This is an ongoing piece of work and actually core to the purpose of this blog. As this site is all about Web 2.0 in an Organisational context, I endeavour to keep that as a common theme. As I come upon relevant articles or websites through my research, I will distribute those findings through this blog or one of my Twitter accounts.
To date I have commented on topics as diverse as Web 2.0 @ work, Using Enterprise 2.0 to support knowledge management, Enterprise 2.0 adoption strategies, Some success factors for Enterprise 2.0 and Accessing the knowledge of your Crowd.
In addition to this, my blog page summarising existing and emerging E2.0 platforms and applications will provide a concise point of reference for the community.
* Enterprise 2.0 Community engagement.
In an effort to engage and collaborate with practitioners as well as our own internal community, I have established and manage our Enterprise 2.0 community and a LinkedIn group called the Enterprise 2.0 Community. These two profiles have been well received and I am currently using them as a means of distributing information to a growing audience and again using this presence to link back to this blog and Digital Organisations and the New Enterprise: Enterprise 2.0.
In addition to the above, I also ensure I place relevant comments on blogs and web pages of interest and again am pleasantly surprised that I usually receive a prompt response. 🙂
As an aside, I’ve just been asked as a “key industry insider” to write an article contribution in the area of Web 2.0 for an online magazine – a bit chuffed at being asked so I think I will give it a shot!
* Leadership via the ability to contribute to the structure and format of the workshop activities, and the smooth running of the online community.
Evidenced by my contributions to the Web 2.0 Enterprise 2.0 links page, Using Web 2.0 tools for our community page and the Postgraduate pages.
I have also contributed to wiki discussions and posted links to resources of value to the community.
* Future direction of this blog
My intention for this blog is to have it evolve into a site that not only provides topical content on Enterprise 2.0 and my other professional interest of Business Process Management but also act as a review point for myself on what I have learnt on the way. Already I can see how my subject knowledge has grown beyond just being inquisitive to now being enquiring.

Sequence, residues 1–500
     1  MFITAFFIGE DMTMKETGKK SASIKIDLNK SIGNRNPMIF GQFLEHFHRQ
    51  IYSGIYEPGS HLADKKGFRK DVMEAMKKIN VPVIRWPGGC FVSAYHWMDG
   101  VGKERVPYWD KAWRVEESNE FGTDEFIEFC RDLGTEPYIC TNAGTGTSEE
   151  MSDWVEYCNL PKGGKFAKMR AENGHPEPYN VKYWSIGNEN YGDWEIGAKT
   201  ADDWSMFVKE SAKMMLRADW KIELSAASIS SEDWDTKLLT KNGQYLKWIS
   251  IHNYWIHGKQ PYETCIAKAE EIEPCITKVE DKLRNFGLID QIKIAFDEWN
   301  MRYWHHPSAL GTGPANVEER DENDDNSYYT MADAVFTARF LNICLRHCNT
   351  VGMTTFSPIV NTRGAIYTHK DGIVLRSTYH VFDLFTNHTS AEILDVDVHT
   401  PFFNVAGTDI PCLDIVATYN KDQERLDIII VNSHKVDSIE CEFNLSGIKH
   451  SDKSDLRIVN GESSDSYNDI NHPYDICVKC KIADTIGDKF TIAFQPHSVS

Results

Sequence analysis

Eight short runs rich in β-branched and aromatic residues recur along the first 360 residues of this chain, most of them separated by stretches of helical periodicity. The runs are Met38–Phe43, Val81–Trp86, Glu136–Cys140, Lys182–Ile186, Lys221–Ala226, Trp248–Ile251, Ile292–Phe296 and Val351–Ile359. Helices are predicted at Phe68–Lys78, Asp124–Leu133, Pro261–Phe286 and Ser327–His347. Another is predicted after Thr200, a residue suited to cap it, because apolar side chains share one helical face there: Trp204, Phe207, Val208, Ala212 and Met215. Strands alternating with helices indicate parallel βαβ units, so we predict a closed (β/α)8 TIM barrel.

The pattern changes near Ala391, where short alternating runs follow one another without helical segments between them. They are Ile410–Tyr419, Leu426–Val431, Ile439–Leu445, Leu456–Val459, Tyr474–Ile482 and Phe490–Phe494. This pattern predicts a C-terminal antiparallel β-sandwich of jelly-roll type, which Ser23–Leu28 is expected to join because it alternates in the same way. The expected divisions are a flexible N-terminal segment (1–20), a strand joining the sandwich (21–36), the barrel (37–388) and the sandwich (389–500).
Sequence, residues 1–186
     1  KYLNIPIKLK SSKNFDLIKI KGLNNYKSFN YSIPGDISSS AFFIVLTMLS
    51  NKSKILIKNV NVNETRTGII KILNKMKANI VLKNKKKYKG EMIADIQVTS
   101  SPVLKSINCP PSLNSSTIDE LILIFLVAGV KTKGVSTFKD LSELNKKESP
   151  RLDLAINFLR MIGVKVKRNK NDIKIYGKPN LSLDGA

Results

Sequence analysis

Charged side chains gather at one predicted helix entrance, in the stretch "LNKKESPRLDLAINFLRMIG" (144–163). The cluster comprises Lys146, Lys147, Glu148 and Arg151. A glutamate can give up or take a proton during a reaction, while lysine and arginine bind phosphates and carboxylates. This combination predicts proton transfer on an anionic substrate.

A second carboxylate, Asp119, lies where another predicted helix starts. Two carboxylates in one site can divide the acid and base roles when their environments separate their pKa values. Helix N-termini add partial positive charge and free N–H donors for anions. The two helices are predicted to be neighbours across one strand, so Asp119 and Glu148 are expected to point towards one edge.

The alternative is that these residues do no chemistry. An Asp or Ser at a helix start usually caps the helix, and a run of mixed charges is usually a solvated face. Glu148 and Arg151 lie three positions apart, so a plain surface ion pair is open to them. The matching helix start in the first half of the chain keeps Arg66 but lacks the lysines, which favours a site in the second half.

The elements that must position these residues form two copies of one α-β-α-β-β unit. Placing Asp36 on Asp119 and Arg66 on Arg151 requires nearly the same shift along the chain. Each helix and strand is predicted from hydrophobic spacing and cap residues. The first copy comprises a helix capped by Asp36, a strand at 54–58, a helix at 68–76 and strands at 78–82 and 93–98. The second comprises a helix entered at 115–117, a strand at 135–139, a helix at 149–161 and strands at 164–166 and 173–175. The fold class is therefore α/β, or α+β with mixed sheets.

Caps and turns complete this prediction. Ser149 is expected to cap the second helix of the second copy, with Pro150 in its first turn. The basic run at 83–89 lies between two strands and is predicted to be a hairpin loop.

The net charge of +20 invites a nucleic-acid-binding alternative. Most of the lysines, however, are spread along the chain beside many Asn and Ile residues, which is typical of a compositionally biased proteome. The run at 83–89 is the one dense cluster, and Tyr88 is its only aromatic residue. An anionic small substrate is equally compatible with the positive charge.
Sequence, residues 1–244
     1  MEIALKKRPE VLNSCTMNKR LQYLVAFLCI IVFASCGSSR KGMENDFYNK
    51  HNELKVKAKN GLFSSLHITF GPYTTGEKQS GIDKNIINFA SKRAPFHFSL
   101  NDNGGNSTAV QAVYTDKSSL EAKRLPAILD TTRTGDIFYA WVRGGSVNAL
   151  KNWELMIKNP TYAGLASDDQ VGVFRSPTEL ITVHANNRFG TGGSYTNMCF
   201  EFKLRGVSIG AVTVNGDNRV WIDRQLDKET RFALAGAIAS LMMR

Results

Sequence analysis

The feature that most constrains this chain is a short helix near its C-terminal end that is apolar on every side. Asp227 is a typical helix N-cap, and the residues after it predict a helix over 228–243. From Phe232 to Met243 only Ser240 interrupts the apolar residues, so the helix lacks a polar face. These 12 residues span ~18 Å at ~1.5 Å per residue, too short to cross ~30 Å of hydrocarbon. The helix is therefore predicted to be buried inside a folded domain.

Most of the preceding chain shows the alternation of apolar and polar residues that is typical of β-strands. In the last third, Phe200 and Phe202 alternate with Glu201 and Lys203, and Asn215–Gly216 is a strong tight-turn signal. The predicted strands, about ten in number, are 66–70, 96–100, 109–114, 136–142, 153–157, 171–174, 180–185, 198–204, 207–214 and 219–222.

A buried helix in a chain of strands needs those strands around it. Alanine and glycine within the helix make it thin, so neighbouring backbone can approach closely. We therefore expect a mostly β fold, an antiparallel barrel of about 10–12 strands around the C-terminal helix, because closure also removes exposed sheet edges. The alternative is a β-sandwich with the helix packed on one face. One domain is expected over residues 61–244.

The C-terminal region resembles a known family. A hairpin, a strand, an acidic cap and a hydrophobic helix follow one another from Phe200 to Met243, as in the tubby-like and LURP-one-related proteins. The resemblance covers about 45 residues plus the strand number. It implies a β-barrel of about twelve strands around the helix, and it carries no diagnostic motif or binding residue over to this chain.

Dion Hinchcliffe’s excellent list of reasons for why Enterprise 2.0 projects fail has been extended by James Dellow’s reference to four key rules of thumb for avoiding Enterprise 2.0 project failure.
James raises the valid point that unlike social software implementations of the past, knowledge workers today are more familiar with social networking technologies. This factor alone should contribute to the likelihood of E2.0 adoption.
So extending upon this, James has raised these four key rules of thumb for avoiding Enterprise 2.0 project failure:
* Use real social computing platforms
* Take an abundance approach to the technology
* Put the ‘users’ in the driving seat
* Tap into your pool of early adopters
Combine Dion’s considered list and the above key drivers and Enterprise 2.0 project success will be one step closer!
Glenn’s review of a NY Times article on crowd-sourcing captures the following key quote “Open innovation models succeed only when carefully designed for a particular task and when the incentives are tailored to attract the most effective collaborators.”
To me this really is the essence of successful Enterprise 2.0 implementations. A social approach that is open, collaborative, IT rich and business focused also requires targeted management to ensure organisational social medium outcomes are met and not lost in the enthusiasm to engage with the communal approach. A form of controlled and measured organisational adoption still following the spirit of the community but checked by milestones.
It is this process of validation and evaluation that supports organic growth of an Enterprise 2.0 community of practice, and also maintains alignment with the organisational strategic direction.
So, I have had a Twitter account now for a few months, mainly so I can follow and engage in conversations with BPM and Enterprise 2.0 professionals. After a cautious start, I must say that Twitter is a great tool for connecting with likeminded people as well as for keeping up to date on articles and websites of interest. I now regularly tap into the collective intelligence of my Twitter community to expand on my own subject knowledge. There is a wealth of information available in Twitter ready to be mined.
The use of this microblogging approach within an organisation using apps such as Yammer would have similar benefits but in an Enterprise context – virtual water cooler talk if you like. Might just have to run a trial at an Organisation I currently work with to see if this theory holds true…
This simple graphic shows the key phases to a successful Enterprise 2.0 implementation.
In my opinion phase #3 Deployment and phase #4 Adoption will be the most difficult to deliver – what do you think?